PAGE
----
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fstirlitz Nov 9, 2019

Might as well mention if some_condition { t } as an alternative.

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varkor Nov 9, 2019

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Inlining a method body is always a possible alternative, so mentioning it specifically here isn't useful.

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@varkor that does not mean inlining the method body, but to make if x { y } evaluates to Some(y) if x is true and None if x is false (basically an even more controversial version of https://internals.rust-lang.org/t/pre-rfc-break-with-value-in-for-while-loops/11208)

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Ah, I see. Unless there are serious proponents of that approach, I don't think it's worth including, as it seems like an unviable alternative to me.

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Centril commented Nov 11, 2019

@dtolnay I believe @varkor addressed your concerns, so ping. :)

I tend to agree with @SimonSapin that lang team already "authorized" adding inherent methods to primitive types; I think that the libs team ought to be generally trusted to add appropriate methods. If this requires adding a lang item (I think that would be for the inherent impl?), that doesn't seem like a big deal in and of itself to me.

Well I agree that this lang item in particular is not a big deal (because as @SimonSapin notes, we already have a bunch of those for primitive types, and so in terms of spec complexity there's nothing novel here). However, I think it's important that institutional hindrances exist against the addition of lang items, and the language team is a good check on that. That said, as for adding a non-method, I didn't make a point about teams -- just that I personally didn't think it was worth it -- and it seems like there's agreement on that, so that's great. :)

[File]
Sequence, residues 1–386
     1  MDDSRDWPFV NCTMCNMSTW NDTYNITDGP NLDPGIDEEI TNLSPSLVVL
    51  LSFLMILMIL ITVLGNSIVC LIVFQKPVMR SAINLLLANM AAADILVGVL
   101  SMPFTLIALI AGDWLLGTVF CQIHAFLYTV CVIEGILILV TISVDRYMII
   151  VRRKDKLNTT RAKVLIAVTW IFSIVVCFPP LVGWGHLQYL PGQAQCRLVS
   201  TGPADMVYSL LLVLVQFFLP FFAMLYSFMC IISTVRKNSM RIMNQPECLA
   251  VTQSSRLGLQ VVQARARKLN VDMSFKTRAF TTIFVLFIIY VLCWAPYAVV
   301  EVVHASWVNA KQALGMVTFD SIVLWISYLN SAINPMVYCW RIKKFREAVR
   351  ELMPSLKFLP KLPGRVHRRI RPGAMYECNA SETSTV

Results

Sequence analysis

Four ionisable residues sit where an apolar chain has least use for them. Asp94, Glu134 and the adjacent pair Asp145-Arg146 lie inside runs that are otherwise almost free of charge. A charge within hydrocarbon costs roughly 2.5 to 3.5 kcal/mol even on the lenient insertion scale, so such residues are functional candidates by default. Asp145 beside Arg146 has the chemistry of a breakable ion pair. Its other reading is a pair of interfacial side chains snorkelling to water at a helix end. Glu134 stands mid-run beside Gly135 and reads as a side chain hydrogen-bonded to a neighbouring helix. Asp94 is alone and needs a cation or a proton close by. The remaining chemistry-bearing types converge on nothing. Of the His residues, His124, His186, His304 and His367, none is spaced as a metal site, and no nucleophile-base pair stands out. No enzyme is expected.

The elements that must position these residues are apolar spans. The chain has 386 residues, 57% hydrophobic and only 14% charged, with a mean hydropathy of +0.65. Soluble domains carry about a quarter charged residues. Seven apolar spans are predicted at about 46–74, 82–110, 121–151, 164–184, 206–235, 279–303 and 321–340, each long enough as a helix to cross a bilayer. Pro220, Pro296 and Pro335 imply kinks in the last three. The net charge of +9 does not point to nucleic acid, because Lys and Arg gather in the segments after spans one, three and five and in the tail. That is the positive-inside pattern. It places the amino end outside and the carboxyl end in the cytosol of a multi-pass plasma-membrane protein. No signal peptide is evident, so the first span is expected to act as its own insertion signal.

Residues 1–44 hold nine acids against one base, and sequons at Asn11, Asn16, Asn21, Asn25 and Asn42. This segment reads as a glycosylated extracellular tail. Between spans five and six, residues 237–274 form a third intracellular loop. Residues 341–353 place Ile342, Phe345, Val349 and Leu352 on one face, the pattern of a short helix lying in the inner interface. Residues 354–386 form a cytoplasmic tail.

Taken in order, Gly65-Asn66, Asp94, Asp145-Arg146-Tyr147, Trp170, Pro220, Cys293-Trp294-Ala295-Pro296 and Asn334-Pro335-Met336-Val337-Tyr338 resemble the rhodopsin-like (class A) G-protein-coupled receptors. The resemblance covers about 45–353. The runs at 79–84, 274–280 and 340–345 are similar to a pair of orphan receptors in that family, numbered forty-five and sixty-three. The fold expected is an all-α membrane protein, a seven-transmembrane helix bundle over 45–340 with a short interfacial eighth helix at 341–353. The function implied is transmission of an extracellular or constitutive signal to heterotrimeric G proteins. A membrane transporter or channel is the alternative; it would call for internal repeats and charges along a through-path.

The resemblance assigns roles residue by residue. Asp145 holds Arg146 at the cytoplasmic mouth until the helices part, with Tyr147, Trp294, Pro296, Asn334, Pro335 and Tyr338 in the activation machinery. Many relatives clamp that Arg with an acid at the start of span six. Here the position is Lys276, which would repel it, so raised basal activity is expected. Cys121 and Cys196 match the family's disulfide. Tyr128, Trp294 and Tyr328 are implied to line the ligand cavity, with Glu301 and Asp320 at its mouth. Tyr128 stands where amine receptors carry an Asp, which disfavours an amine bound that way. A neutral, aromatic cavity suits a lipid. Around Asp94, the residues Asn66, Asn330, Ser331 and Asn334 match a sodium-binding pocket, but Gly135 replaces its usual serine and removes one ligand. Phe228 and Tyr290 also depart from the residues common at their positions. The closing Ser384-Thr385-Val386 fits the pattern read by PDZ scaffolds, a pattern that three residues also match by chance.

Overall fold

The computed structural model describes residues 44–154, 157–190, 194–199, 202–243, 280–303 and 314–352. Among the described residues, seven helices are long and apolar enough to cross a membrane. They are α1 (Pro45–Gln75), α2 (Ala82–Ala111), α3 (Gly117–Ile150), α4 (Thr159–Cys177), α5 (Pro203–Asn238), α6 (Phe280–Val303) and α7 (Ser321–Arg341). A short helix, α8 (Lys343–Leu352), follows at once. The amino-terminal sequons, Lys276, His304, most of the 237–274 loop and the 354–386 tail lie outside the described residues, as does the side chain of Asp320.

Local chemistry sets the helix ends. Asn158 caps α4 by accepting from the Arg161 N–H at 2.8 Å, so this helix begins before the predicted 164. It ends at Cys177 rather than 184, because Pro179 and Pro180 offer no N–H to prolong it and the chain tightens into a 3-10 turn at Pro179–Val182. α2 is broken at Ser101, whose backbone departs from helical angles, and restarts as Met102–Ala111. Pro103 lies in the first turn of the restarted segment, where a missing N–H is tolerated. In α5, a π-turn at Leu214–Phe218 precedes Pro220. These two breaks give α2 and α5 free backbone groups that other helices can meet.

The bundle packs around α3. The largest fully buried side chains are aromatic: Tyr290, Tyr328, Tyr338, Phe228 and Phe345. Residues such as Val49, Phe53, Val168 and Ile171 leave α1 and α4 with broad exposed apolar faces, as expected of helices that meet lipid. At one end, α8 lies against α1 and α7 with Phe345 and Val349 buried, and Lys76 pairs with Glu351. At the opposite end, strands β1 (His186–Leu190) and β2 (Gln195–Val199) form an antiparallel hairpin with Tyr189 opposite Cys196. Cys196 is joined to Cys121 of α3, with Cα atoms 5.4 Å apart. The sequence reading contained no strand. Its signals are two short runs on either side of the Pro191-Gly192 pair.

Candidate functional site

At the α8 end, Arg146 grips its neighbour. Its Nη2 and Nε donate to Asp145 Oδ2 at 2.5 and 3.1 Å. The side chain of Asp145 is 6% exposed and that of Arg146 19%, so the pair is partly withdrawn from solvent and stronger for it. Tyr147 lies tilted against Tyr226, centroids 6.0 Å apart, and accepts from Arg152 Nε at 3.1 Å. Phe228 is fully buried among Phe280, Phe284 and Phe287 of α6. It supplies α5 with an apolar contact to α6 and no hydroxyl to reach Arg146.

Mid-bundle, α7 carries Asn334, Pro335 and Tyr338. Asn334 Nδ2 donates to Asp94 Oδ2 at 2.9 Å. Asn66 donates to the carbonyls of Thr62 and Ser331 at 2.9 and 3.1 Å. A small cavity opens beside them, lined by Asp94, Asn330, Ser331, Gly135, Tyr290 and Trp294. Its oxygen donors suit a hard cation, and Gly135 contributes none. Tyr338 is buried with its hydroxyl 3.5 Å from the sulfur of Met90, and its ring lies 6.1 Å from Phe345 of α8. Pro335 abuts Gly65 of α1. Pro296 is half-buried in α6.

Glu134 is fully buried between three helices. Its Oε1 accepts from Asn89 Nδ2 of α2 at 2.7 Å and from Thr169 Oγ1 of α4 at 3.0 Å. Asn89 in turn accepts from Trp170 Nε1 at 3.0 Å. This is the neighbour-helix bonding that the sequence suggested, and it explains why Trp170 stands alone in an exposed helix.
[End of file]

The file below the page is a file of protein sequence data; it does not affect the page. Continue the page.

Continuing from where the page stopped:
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dtolnay commented Nov 11, 2019

@rfcbot fcp cancel

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rfcbot commented Nov 11, 2019

@dtolnay proposal cancelled.

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dtolnay commented Nov 11, 2019

Proposing FCP to introduce unstable methods on bool for conditionally creating an Option::Some or running a closure.

This RFC has been unusual compared to other libs RFCs in that whether we accept these methods hinges on whether we can settle on sufficiently clear names for the behavior; it isn't like e.g. MaybeUninit where we know we need the functionality and we'll pick a name one way or another. As such, mostly the FCP is to confirm that we are interested in gathering experience using this set of names—if it seems to work out then we'll follow up in the tracking issue with a separate FCP to stabilize later.

impl bool {
    fn then_some<T>(self, t: T) -> Option<T> {
        if self {
            Some(t)
        } else {